DOMINICAN PRESIDENT JOA- quin Balaguer has, surely, never been in any serious danger of being mistaken for a man of even moderately liberal ideology or opinions. The octo- genarian dean of the most pusillani- mously colonial and racially preten- tious wing of the Dominican Right, Balaguer has devoted more than half a century to the rationalization and de- fense of its most jejune orthodoxies and cliches. His recent book, La isla al revs: Haiti y el destino dominicano ("The Island Turned on its Head: Haiti and Dominican Destiny," Santo Domingo: Editora Corripio, 1989) is a self-contra- dictory pastiche of the would-be aristocracy's most shopworn and flatu- lent bromides. It is also an articulate, if offensive, delineation of the racist ide- ology that permeates a significant por- tion of Dominican society. For all its pretense to scientific objectivity and broad-mindedness, Balaguer's thesis has the delusive partiality of a planter's fallacious syllogism. The Dominican Republic, he ahistorically postulates, has always been a "white and Chris- tian" country. This country has now, alas, fallen victim to a "progressive ethnic decadence" (p. 45) and gradual disappearance of the nation's somatic characteristics that threaten the immi- nent loss of "its Spanish physiognomy" (p. 43). The trouble, Balaguer tellingly sug- gests, originates and is symbolically embodied in the final triumph of the 1791 uprising of slaves in Haiti and the Black Republic's "imperialist" occu- pation (1822-1844) of the eastern half of Hispaniola. He dismisses out of hand as plain treachery a considerable body of annexationist and abolitionist Do- minican sentiment, which he regards as racially suspect or out of place in a Spanish colony in which he contends slavery was "more benign" (p. 197) and "racism has never existed" (pp. 188, 198). Save for a "minuscule" (p. 23), "ob- viously" marginal and unrepresentative portion of the population, he argues, the black presence in the Dominican Re- public constitutes a foreign intrusion, something alien to the authentic na- tional spirit of the place: in a word, something actually or effectively "Hai- tian." Genuine patriotism requires "our" unrelenting resistance to this exotic, I REPORT ON THE AMERICAS Roberto Mdrquez teaches Caribbean and Latin American Studies at Mt. Holyoke College, and is a member of NACLA's Editorial Board. I I V- , X, g a: rr~p~~rt' pagan and primitive, foreign penetra- tion and its inevitable train of ominous effects. H AITI, ADMITTEDLY, NO longer poses any political or mili- tary threat to the sovereignty or territo- rial integrity of the Dominican Repub- lic. But, Balaguer insists, "Haitian im- perialism is now an even greater threat to our country than before for biologi- cal reasons" (p. 35). Principal among these is the regressive genetic impact and cultural influence that are a conse- quence of miscegenation and "the veg- etative increase of the African race" (p. 35). Race, predictably enough, gradu- ally emerges as synonymous with na- tionality. The least de-nationalized sec- tion of the country, we are told, the one that best conserves "the spirit of nobil- ity that survives in Santo Domingo like an inheritance from the colonial golden age," is Bani, an isolated rural commu- nity of "whites." "[Tlhe least miscege- nated zone in the country...where the [white] race has the best sense of its capacities...a firmer notion of its culture...and its dignity" (pp. 61-62), Banf is Balaguer's wistfully nostalgic, emblematically ideal polity. His notion of the Republic's proper destiny can, in effect, be reduced "to mak[ing] the en- tire Dominican population a commu- nity like Ban"' (p. 62). Balaguer's methodological triad of race, demography, and eugenics-the cornerstone of his argument-betrays a distinctively anachronistic, nineteenth- century slaveholder's anxiety: the all- consuming fear of an "Africanization" of "our nation," whose social-darwinist and patrician temper is only too appar- ent. "If the government continues to ignore the problem of race," Balaguer writes, "the white race will eventually be absorbed by the African" (p. 97). The twentieth-century personification of that dread possibility-and the mani- fest villains of the book-are Haitian immigrants and "guest workers." Balaguer, evidently, sees no contra- diction in the fact that successive Do- minican governments-and most nota- bly his own-both directly profited from and significantly encouraged that im- migration. The state regularly recruits Haitian workers for the plantations of the State Sugar Council, offering ex-ploitative terms and living conditions which ensure the migrants' isolation and relative powerlessness and preclude their ability to exercise anything like the nefarious omnipotence attributed to them by El Sefior Presidente. Balaguer holds Haitian immigration responsible for everything from the deterioration of his homo dominicans' sense of loyalty to traditional Christian family values, the native working class's increasing lack of nationalist solidar- ity, and the middle class's meager strength, to the discouraging state of the country's overall health, its economic instability, and the general failure of current development strategies. What a less jaundiced observer of the frontier zones might have recog- nized as an ordinary example of recip- rocal adaptation and cultural exchange, Balaguer invariably regards as evidence of the corrupting subtlety and malevo- lent ingenuity of "Haitians" intent on sabotaging the locals' sense of moral rectitude and patriotic purpose. Cross- cultural exchange and interracial con- tact becomes, under the circumstances, virtually synonymous with sedition. Consistent with his dim view of blacks in general and "Haitians" in par- ticular, the president invokes a phobic vocabulary of elemental sexuality, pri- meval excess, social pathology, and enervating disease. Negroes are all "in- stinct-governed" (p. 36), ferally and incestuously promiscuous, "vegetally fertile" (p. 36) while, consonant with their ancestral inheritance, "Haitians" are "heathens" (p. 40), "generators of indolence" (p. 52), "of primitive men- tality" (p. 37), and a "contagion" (p. 49). To the extent they may be said to possess any culture at all, it is a deriva- tive veneer, the result of mimetic as- similation. Those few Haitians whose intellectual stature Balaguer favorably singles out as exceptional are finally redeemed, with condescending pater- nalism, as oblique tributes to the civi- lizing force of their European educa- tions. Except for the enthusiasm with which he draws on the noirisme of Jean Price Mars, Lorimer Denis, Jean Dorsainvil, and Franqois Duvalier to enhance his own dubious credibility, Balaguer appears to be wholly ignorant of the work of even a single Haitian intellectual from among the multitude of those active during the last 50 years. At least he does not make reference to any. This allows him conveniently to elide their nearly unanimous critique of his chosen sources and what, with a keen sense of political irony, Ren6 Depestre bitingly calls their "Adven- tures of Negritude." B ALAGUER'S REMEDIES TO inhibit any further spread of the Haitian "blight" include a Malthusian free-marketeering, broadening of the rural base and centrality of Catholic instruction, bringing the borderlands under tighter government control, pro- moting the "spontaneous immigration" (p. 143) of white capitalists from abroad and entrusting the future to "a vast eugenic plan" (p. 136) directed by those already of "raza selecta" (p. 148). "To make a people free," he maintains, "is less important than to regenerate it" (p. 99). Balaguer's undisguised apologia of Trujillo's October 1937 massacre of more than 17,000 Haitians-as a mea- sure leveled at "the very causes...of our ethnic regression" (pp. 76, 97)-leaves no doubt that he is not beyond contemplating a policy ofdeliberate geno- cide. It comes finally as somewhat of a surprise when, against the force of its own pernicious logic, La isla al revis concludes by proposing a conciliatory confedera- tion of the Dominican and Haitian states to ensure the independence of each and, after a century and a half, put an end to their tension-fraught relations. Haiti's comparative vul- nerability, it appears, and, no doubt, the Duvalier- istes' politicalconsanguin- ity, now make such a compact particularly at- tractive. Balaguer's tacit supposition is that, under such an arrangement, the Dominican nation he en- visions would emerge as first among "equals." The offer, in any case, rings hollow and is wholly sus- pect. Certainly, Haitians A Haitian s Republic. I for all of hi and the ethnically mixed population of ordinary Dominicans have every rea- son to view so unexpected a gift of unity with at least as much skepticism (which the Greek who bears it inspires) as Balaguer's protestations that he is no racist. La isla al revis adds another vol- ume to the already monumental library ofraceologist tracts which includes texts by such notables as Ernest Renan (1823- 1892), the Spaniard Marcelino Mendndez Pelayo(1856-1912), the Ar- gentines Domingo Faustino Sarmiento (1811-1888), Carlos Octavio Bunge ( 1875-1918)and Jos Ingenieros( 1877- 1925), the Bolivian Alcides Arguedas (1879-1946), and the Peruvian Fran- ciscoGarciaCalder6n( 1883-1953). The impertinent presumption and terrified consciousness Balaguer shares with these supposed paragons of humanism is a barometer of the intensity of their mutual distrust of democracy's egali- tarian impulse and of the racially het- erogeneous masses of theirown peoples. Their dreams are, in truth, the stuff of nightmares.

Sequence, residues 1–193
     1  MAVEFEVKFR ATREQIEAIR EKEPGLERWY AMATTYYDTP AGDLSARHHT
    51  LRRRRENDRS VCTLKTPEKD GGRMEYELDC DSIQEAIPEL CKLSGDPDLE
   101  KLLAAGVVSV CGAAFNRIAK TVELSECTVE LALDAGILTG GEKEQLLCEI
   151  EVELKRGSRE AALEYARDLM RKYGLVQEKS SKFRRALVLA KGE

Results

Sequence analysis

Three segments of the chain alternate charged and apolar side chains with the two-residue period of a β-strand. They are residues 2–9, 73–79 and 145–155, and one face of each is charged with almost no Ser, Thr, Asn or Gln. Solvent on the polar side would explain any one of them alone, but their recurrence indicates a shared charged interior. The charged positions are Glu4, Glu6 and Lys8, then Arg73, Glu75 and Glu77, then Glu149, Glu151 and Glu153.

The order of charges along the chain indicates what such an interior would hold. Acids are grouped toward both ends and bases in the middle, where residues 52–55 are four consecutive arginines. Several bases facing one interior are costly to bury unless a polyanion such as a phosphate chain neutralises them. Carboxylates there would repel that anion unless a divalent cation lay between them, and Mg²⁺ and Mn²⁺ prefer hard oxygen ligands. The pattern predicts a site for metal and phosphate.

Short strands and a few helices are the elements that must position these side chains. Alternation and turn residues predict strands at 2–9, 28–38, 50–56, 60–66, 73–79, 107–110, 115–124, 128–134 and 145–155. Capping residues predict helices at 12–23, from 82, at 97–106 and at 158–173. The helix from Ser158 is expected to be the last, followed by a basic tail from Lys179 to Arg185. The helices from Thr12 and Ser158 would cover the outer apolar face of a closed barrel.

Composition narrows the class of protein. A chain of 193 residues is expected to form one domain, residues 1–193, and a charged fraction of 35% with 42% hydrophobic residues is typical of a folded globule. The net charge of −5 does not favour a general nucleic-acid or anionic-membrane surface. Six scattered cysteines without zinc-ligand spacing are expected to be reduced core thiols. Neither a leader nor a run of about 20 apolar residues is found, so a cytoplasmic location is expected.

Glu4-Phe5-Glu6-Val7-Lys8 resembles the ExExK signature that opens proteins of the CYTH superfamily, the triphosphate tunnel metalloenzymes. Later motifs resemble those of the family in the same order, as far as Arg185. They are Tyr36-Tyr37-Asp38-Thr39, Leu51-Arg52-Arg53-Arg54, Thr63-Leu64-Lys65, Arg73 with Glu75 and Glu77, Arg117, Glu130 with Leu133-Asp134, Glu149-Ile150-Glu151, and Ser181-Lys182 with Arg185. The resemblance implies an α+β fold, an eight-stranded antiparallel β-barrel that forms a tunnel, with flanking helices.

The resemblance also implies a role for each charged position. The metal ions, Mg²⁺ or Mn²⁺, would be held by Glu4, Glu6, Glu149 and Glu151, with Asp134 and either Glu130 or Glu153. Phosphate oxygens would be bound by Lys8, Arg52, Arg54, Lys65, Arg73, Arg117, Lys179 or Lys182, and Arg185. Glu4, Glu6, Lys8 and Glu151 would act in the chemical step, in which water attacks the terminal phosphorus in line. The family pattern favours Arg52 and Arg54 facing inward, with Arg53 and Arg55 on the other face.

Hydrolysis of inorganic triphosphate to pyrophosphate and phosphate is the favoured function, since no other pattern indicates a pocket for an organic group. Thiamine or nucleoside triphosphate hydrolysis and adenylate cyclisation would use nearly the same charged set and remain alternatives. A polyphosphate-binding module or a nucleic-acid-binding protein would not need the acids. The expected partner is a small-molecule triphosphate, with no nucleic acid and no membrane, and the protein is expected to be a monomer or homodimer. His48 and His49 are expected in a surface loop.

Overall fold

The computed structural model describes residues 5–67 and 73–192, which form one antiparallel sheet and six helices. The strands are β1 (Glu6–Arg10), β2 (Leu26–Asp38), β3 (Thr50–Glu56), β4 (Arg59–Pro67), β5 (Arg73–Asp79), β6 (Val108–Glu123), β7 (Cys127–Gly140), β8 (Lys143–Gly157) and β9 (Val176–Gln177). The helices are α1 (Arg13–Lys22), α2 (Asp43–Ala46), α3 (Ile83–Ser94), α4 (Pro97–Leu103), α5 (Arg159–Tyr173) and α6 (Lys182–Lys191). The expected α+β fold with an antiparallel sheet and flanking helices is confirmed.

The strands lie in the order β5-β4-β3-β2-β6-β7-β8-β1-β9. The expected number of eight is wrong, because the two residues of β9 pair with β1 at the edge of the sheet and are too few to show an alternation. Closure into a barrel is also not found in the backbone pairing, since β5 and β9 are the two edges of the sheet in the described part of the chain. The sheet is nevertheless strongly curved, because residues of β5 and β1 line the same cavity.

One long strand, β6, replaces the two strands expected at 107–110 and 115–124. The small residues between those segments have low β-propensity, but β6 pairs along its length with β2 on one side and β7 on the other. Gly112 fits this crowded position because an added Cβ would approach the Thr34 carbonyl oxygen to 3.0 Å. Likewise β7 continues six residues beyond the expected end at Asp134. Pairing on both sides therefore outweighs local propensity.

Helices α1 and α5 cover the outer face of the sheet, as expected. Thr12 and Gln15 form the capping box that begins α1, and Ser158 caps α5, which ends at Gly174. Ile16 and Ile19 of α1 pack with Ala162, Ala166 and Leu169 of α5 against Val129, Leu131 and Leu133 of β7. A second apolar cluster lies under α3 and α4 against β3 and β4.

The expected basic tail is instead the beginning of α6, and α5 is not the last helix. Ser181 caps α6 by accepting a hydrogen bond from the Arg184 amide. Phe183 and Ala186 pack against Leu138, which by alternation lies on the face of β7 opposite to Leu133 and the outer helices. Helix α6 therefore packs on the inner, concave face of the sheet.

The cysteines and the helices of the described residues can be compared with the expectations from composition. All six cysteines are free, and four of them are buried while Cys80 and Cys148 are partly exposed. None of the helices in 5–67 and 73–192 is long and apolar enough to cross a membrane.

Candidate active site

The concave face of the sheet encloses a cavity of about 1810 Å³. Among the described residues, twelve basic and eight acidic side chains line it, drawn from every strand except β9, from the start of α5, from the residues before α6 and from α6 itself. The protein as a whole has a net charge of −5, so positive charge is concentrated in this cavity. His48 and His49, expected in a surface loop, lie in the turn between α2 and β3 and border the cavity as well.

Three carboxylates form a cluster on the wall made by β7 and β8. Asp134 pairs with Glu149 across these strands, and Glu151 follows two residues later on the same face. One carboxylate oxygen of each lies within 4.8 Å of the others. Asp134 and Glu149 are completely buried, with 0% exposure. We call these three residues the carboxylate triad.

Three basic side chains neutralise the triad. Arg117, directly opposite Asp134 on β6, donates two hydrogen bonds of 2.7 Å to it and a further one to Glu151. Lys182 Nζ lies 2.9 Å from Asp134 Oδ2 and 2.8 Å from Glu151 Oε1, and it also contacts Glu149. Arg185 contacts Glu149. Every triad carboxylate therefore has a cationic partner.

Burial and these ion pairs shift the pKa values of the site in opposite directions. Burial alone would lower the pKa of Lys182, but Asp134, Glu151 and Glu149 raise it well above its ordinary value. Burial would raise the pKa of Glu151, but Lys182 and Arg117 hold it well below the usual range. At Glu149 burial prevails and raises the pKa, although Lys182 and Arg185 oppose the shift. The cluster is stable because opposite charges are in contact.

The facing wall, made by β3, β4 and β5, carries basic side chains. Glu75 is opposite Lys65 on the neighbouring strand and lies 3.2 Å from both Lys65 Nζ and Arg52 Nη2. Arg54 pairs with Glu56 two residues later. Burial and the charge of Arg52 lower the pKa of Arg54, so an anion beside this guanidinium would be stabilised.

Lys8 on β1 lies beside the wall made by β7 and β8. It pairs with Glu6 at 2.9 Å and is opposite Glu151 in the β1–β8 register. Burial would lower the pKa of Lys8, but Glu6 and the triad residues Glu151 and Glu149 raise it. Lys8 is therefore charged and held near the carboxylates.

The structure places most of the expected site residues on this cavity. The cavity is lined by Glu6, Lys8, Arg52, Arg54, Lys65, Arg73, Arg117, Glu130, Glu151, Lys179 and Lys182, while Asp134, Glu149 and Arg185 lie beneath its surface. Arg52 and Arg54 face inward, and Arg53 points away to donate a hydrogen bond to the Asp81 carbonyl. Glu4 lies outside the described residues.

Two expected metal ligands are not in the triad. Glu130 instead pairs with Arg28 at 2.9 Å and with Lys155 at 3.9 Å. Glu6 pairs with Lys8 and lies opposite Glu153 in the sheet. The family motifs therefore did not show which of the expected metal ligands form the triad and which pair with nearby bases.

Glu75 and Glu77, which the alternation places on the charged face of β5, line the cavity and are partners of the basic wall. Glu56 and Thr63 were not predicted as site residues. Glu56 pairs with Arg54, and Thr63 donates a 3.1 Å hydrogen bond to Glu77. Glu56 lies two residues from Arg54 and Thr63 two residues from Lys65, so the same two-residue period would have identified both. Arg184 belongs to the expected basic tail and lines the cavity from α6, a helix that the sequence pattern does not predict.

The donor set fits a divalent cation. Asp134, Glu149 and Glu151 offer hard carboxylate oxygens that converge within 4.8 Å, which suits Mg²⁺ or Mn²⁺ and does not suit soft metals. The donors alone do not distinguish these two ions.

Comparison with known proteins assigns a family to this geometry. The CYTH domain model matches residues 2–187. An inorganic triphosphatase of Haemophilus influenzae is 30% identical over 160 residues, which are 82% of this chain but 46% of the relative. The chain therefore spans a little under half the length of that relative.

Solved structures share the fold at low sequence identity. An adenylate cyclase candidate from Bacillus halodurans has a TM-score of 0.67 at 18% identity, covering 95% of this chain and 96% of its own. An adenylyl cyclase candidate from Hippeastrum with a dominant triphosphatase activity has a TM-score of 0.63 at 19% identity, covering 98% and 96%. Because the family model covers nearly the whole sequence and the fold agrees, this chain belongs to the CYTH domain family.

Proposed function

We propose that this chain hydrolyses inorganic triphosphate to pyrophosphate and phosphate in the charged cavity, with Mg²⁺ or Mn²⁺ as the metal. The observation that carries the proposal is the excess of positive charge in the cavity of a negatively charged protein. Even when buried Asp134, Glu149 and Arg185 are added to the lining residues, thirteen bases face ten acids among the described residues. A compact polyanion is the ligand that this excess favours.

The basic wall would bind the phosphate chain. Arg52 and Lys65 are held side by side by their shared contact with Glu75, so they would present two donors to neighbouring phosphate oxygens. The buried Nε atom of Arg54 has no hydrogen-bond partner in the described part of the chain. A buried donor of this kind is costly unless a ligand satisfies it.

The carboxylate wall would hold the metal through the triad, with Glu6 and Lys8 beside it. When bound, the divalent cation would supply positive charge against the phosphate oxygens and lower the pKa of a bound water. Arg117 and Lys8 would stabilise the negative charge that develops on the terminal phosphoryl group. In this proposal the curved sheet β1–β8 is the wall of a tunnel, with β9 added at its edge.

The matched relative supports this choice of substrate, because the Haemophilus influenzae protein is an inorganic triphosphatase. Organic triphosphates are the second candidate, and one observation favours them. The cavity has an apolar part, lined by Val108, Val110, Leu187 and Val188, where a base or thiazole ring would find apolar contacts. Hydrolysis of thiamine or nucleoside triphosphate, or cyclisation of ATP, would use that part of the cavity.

Tags: Dominican Republic, Joaquin Balaguer, Haiti, racism, nationalism